TBS 6280 DVB-T2 Freeview HD Dual Tuner Card Review
The TBS6280 DVB-T2 Freeview HD dual tuner is a low / high profile PCIe x1 card that generates mpeg transport streams at hardware level to enable the playback and recording of free-to-air Freeview HD and standard definition channels. Driver support for Windows and Linux means that this card can be used with many of the popular, free-source, Home Theatre software packages such as MediaPortal, Argus TV, TVHeadEnd & MythTV. It’s an excellent piece of kit for any HTPC enthusiast.
What it does
Hardware Transport Stream Generation
The TBS 6280 DVB-T2 tuner card has two tuners to receive free-to-air, terrestrial digital television broadcasts and convert that data into a MPEG transport stream (MPEG-TS, MTS or TS files) for immediate playback or storage. Effectively, the transport stream is a format container for multichannel audio, video & subtitles. It uses error correction data to preserve continuity when the broadcast signal is weakened. And since all this is done in the hardware, there is negligible loss of your PC’s resources. The dual tuners have good sensitivity, which means better reception for those in poor reception areas.
Simultaneous Multichannel Recording
Terrestrial digital television services are transmitted on multiplexes (or Mux) and many stations can occupy a single broadcast frequency.
Since there are two tuners in the TBS 6280, it can receive the broadcasts from two multiplexes at once. This means that it is possible to watch and / or record more than two channels at once, provided that the chosen channels occupy the same two multiplexes.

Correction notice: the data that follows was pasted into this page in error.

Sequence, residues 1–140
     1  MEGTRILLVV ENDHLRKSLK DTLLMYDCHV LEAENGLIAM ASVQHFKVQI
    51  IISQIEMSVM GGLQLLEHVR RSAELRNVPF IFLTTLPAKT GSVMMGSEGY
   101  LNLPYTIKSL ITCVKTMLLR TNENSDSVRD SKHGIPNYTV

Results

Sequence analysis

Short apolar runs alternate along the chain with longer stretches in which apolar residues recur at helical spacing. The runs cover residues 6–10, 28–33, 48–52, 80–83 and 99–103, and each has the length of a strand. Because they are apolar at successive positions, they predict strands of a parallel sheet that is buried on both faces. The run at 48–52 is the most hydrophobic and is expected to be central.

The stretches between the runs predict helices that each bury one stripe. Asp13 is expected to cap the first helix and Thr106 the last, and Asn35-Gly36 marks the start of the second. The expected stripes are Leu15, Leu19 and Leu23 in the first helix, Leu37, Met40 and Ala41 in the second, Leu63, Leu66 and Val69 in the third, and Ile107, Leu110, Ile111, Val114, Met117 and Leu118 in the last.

I receive broadcasts from the Mendip transmitter where channels are assigned to the mulitplexes shown below:
So, for example: recording all the HD channels simultaneously would utilize just one of the tuners, leaving scope to watch or record channels from one other mux with the second tuner.
Since our favorite channels span just two multiplexes, there is rarely a time when a programme cannot be scheduled to record because there is no spare tuner.
What it does not do
The TBS 6280 tuner card plays no part in the final reproduction of the transport stream. If you experience micro-stutter, dropped frames or degraded picture quality the items responsible will be your choice of codecs and / or the hardware of your PC.
What’s in the box?
- TBS 6280 DVB-T2 dual tuner card PCIe x1
- Low profile bracket for conversion
- Remote control and infra red receiver
- A mini in-door aerial
TBS 6280 Physical Installation
- The card is packaged with a low profile bracket and swapping it with the supplied taller one is relatively straight forward.
- Fitting the card into an available PCIe x1 slot is a breeze. It couldn’t be easier.
- This card boasts a RF IN and RF OUT connector (aerial pass-through). Fantastic news for those people with just one aerial connection at the back of their TV sets. My aerial connects here, then I use a connector cable to supply the RF signal to my TV. There seems to be no apparent loss in signal strength at the television by connecting in this way.
- As my installation was part of an upgrade, I opted to continue using my more versatile, Windows Media Center remote instead of the one supplied. And as for the in-door aerial: it may work if you happen to live next door to the transmitter.